By Jesse Coombs
  Paddlers: Ben Stookesberry, Darin McQuoid, James Harper, Jesse Coombs, Rocky Contos
  Location: Mexico
  Class: V ( VI , P )
  Gradient: Up to 2,000 fpm
  Character: Pool-drop, Remote Desert Canyon, Gorges, Waterfalls

Copyright © 2010, Jesse Coombs, Darin McQuoid, Oregon Kayaking. No part of this page may be reproduced, linked, or copied without the express written permission of the Oregon Kayaking webmaster. All photos Copyright © Darin McQuoid

Ben Stookesberry, Darin McQuoid and I heard about an exploratory descent on a very steep river in Mexico known as the Barranca de Piaxtla. The driver behind this particular adventure was Rocky Contos, a Post Doctorate Neurological researcher who is in love with kayaking. Rocky is currently taking an extended absence from his neurological research to research and write a comprehensive kayaking and rafting guidebook on Mexico. We were also joined on this trip by James Harper, a strong kayaker who has become a great friend and partner with Rocky on his Mexico endeavor.

We approached our expedition sponsors Jackson Kayak and Eddie Bauer - First Ascent and told them about our plan. They were very supportive. Things really started rolling after that and soon the trip was arranged and we were headed south!

I had a 5:20 a.m. flight from Portland to Mazatlan with a layover in Phoenix. The flights were completely smooth and on time which was great! That certainly has not always been the case. When I arrived in Mazatlan at 1:17 pm Rocky, James and Ben were there already.

After getting my gear together Rocky and I took his aging Toyota pickup to drop off some extra gear, buy food for 7-8 days on the river and pick up Rafa. Rafa is Rocky’s local friend and driver. Rocky pays Rafa to drop off and pick up Rocky from rivers in the area he is exploring, often alone.

Loading up Rocky's truck at the airport.
Photo Copyright © Darin McQuoid

As we talked about our river options on the day of arrival and the next day a clear dilemma was presenting itself. The Piaxtla Rio was sixty kilmoteters between easy road accesses. The first seventeen kilometers was amazingly steep and narrow and contained a section that dropped approximately 900 feet in less than half a mile.

Rocky was convinced that this section would be a ridiculous and un-enjoyable portage fest. His suggestion was that we should hike into a tributary that joins the Piaxtla after this section and run the tributary to the Piaxtla. James borrowed Rocky’s truck a few days earlier to look for a good method for this hike and was unable to find one. We all agreed that we should drive to above the upper section and hike around it as much as possible to get a sense for it.

We arrived at the upper section around noon. We looked around the river and road access put in before driving to where we could hike around the upper section. We piled out of the car and wearing t-shirts, shorts and flip-flops began hiking the canyon walls. We descended where ever possible for better views. We were absolutely amazed by what we saw. This canyon was full of standing and fallen spires and columns. None of us had seen anything like it before. And the canyon was amazingly deep with very steep and sheer walls. This was a special river, canyon and place that begged for exploration.

The author, scoping out the amazing Barranca de Piaxtla canyon. Scouting from the top was difficult because the canyon is so deep with so many turns that we could only see small portions of the river.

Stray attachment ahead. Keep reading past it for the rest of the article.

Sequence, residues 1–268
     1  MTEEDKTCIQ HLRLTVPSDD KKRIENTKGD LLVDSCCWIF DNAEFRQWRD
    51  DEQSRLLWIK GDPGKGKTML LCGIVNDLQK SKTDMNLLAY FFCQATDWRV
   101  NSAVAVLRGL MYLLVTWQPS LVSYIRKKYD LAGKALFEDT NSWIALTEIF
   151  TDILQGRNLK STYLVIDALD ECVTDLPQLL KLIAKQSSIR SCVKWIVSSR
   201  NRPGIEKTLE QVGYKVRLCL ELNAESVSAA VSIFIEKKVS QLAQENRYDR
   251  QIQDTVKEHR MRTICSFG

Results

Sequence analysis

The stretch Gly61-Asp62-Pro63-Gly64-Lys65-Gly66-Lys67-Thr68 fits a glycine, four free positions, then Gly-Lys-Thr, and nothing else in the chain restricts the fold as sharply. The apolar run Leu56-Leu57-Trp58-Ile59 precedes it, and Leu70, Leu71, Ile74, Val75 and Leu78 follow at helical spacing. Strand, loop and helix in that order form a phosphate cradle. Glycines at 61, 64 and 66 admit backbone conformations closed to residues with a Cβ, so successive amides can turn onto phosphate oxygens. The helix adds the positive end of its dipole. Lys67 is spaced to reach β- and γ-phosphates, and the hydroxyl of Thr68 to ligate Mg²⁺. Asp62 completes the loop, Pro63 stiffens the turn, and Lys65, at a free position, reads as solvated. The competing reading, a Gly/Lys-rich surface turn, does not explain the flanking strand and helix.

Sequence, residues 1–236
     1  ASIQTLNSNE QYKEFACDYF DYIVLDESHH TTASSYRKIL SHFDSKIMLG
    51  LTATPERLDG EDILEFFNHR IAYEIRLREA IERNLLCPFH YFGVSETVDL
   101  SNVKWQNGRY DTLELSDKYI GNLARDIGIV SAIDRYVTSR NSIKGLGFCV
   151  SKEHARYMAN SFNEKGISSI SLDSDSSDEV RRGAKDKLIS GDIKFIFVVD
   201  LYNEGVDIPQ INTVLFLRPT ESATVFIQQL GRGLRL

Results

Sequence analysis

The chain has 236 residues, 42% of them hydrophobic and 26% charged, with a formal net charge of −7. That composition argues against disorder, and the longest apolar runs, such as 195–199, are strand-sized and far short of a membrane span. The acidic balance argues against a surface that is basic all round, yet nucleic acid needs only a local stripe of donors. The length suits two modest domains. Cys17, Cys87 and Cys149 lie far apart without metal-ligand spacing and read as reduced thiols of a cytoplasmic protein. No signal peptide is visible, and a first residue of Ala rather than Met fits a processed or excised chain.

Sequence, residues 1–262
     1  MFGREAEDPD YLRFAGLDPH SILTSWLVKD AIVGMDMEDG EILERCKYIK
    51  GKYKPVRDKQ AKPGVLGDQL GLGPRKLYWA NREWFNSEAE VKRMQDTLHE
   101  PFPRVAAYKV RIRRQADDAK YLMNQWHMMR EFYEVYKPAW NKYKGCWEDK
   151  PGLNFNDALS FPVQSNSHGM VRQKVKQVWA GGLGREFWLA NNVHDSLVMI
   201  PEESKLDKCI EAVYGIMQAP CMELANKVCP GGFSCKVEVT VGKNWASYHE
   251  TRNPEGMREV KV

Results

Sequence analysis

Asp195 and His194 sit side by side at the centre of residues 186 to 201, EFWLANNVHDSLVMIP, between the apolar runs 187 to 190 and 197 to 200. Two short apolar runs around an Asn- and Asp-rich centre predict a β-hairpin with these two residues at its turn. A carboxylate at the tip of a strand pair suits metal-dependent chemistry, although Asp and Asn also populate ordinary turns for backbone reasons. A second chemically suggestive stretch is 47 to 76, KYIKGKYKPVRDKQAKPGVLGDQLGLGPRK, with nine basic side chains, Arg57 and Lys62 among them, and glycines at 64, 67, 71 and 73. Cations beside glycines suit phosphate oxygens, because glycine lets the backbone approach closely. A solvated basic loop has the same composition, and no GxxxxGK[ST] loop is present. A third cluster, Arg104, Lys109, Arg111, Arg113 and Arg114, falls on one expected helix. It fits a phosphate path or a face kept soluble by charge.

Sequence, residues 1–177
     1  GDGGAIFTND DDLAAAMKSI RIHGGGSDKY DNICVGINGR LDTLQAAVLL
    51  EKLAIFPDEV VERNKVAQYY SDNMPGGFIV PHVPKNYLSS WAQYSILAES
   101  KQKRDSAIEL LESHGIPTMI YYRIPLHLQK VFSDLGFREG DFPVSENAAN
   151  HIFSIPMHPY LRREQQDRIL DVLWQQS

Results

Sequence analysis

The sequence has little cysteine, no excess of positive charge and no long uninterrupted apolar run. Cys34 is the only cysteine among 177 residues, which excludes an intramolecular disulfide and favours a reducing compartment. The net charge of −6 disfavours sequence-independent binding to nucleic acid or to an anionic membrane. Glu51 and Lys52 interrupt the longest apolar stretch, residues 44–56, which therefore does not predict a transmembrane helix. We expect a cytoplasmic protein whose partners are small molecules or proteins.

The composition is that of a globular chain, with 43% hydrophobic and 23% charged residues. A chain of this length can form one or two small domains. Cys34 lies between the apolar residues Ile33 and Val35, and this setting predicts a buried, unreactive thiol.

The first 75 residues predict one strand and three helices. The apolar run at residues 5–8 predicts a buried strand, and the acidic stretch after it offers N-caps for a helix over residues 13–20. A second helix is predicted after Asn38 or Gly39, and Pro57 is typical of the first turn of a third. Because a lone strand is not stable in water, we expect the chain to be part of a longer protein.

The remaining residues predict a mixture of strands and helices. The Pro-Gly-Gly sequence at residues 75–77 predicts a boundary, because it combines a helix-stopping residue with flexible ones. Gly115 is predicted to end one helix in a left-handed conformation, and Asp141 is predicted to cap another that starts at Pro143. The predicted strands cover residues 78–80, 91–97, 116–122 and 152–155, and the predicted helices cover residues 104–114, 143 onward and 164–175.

Photo Copyright © Darin McQuoid

Rocky had done a truly excellent job of finding and having detailed topographic maps that gave us a very important understanding of what sections were especially steep and required extra care and planning. Rocky was definitely the expert here as he has been running rivers in this area for several years in research for the guidebook he is writing.

When I saw this runnable section and nature of the river I was extremely pleased and optimistic. I teased Rocky that he had an instant classic on his hands and he would be making money taking people down this river. I also suggested to Darin and Rocky that we should just put on the upper section and figure it out. Darin was game for this, but Rocky just rolled his eyes and laughed. From the map we knew that near the end of this steep upper section there was section that dropped precipitously. The map showed that the river dropped approximately two hundred and eighty meters in a half a mile. This was close to a thousand feet of drop in a very short distance!

On the way back to the hotel the debate about where we should put on went back and forth. Rocky wanted to put in on a tributuary that joined the river below the ~2,000 fpm section, while Ben and I wanted to put on above it. After some discussion Rocky decided to try and contact some local canyoneering/climbing friends to see if they knew anything about the river canyon.

Our Hotel, "The Pines". Note the snow on the trees in the sign..
Photo Copyright © Darin McQuoid

The next morning when Rocky called his climbing friend and had good news. The friend said that there were three waterfalls in the steep sections, a hundred foot waterfall, a two-hundred foot waterfall and a six-hundred foot waterfall. The climber friend said that they had belayed down the big ones and that he thought we would be able to hike around the falls with our boats. With this bit of good news in hand we piled in and drove to the put in for the upper section.

We finally were wearing our gear and had all our stuff packed in our boats. We shoved off the bank and started floating down the calm water to the unknown below.

Just below the put in for the Barranca de Piaxtla.
Photo Copyright © Darin McQuoid

What we came to below was exactly what we had hoped. It started calmly enough with class three and class four for a little while. Then it transitioned to class five with lots of portages and some runnable white water. What was most important was that we could consistently either run the river or portage the rapids at river level.